The final movie gets cut short by a full-on zombie invasion. Following a pretty funny introduction by dubious medical specialist Fernando Phagabeefy (Lynch), Deathication plows full-steam (or "steamers") ahead with montages of various people explosively emptying their bowels. Mercifully, the chaos at the drive-in halts the screening, plunging us back into Lynch's wrap-around segment, entitled Zom-B-Movie.
A literal orgy of the damned, peppered with Dawn of the Dead references and two love-struck teens who quote movie lines while fighting their way through hordes of ghouls, this stretch feels obligatory rather than thrilling. Lynch does his thing well, and he has terrific, fresh-faced leads in Corey Jones and Kaili Thorne, but compared to the out-of-the-box thinking on display during most of the drive-in movie segments, this pedestrian fight to the death fits snugly inside the box. I must give him credit for the ending, though, which is kind of a touching downer.
It's a shame that Chillerama isn't as consistently funny and entertaining as parts of the film suggest it could have been. At two hours, it nearly buckles under the weight of its own gooey gratuity. But one thing it gets right--which goes a long way in helping us see the thing through to the end--is holding the schlock-horror era in reverence, while also parodying it. In an odd way, this is as much a well-written love letter to B-movies as Joe Dante's Explorers, but with a thousand percent more boobies and jism.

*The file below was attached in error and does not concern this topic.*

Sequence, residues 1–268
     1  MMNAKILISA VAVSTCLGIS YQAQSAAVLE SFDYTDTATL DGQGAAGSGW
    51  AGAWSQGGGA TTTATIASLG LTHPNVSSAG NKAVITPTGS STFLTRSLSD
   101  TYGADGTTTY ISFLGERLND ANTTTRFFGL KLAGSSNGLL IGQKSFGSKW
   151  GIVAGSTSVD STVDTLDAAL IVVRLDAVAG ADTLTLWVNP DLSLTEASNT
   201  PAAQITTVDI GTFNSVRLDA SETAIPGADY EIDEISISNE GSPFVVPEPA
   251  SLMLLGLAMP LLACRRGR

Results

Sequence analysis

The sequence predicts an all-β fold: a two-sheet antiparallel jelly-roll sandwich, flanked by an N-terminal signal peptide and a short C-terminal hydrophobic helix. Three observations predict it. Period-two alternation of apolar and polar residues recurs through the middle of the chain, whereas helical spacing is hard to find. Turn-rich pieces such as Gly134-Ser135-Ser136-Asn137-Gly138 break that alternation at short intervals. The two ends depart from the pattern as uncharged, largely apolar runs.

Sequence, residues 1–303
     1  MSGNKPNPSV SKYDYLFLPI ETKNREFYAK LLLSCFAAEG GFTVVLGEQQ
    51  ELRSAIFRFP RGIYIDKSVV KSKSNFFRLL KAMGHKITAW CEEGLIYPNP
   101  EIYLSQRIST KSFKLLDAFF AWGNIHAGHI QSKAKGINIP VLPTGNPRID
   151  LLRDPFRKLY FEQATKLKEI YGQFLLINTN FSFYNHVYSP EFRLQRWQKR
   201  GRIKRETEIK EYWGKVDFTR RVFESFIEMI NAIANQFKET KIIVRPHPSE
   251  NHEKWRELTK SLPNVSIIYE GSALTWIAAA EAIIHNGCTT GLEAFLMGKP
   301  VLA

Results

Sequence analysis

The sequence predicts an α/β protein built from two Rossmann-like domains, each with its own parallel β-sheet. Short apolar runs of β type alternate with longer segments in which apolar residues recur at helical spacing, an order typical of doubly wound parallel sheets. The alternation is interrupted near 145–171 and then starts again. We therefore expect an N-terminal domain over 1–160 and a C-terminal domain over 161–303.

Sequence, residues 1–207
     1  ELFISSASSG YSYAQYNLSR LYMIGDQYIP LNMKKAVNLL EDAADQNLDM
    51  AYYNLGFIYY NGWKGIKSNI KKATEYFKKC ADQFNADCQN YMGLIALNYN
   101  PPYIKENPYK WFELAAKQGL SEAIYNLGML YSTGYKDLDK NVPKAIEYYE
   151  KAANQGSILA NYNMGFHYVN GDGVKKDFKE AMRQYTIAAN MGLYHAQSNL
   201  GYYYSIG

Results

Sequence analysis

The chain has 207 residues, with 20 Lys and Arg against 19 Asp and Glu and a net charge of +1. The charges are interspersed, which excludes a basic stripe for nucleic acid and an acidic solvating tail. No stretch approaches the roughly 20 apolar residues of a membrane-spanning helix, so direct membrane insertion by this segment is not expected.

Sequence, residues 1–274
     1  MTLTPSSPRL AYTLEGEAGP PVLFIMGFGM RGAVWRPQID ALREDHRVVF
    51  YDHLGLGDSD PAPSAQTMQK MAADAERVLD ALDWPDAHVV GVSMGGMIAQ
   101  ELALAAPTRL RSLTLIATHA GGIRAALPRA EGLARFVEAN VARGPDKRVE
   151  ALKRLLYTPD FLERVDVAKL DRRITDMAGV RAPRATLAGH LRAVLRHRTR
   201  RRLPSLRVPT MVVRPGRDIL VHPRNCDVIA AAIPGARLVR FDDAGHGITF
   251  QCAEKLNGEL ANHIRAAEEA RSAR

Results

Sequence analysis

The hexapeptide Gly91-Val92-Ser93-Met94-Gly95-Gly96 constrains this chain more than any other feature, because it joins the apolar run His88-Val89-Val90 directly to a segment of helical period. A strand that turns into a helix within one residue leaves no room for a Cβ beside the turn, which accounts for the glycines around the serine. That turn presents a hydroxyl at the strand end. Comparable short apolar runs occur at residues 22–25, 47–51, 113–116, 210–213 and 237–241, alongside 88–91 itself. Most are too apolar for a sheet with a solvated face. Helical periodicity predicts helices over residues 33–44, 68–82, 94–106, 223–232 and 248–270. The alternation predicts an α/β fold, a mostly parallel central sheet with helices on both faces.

The film had home-run potential, but the giddy, juvenile sensibilities of its directors, I think, allowed the party to run a bit too long and get a tad out of hand. Kaufman's drive-in could have just as easily shown a triple feature on its last night, thus excising a good chunk of the movie's missed-target humor (I'm lookin' at you, Wadzilla). But that's the price we must pay for dreaming of filmmaker autonomy: circle-jerks are a great time, unless the audience is left holding the mop.
*This issue isn't unique to the minor leagues: think of how awesome the Star Wars prequels might have been, had someone smacked George Lucas across the face (literally or figuratively--it's your fantasy) at the first mention of "Midichlorians".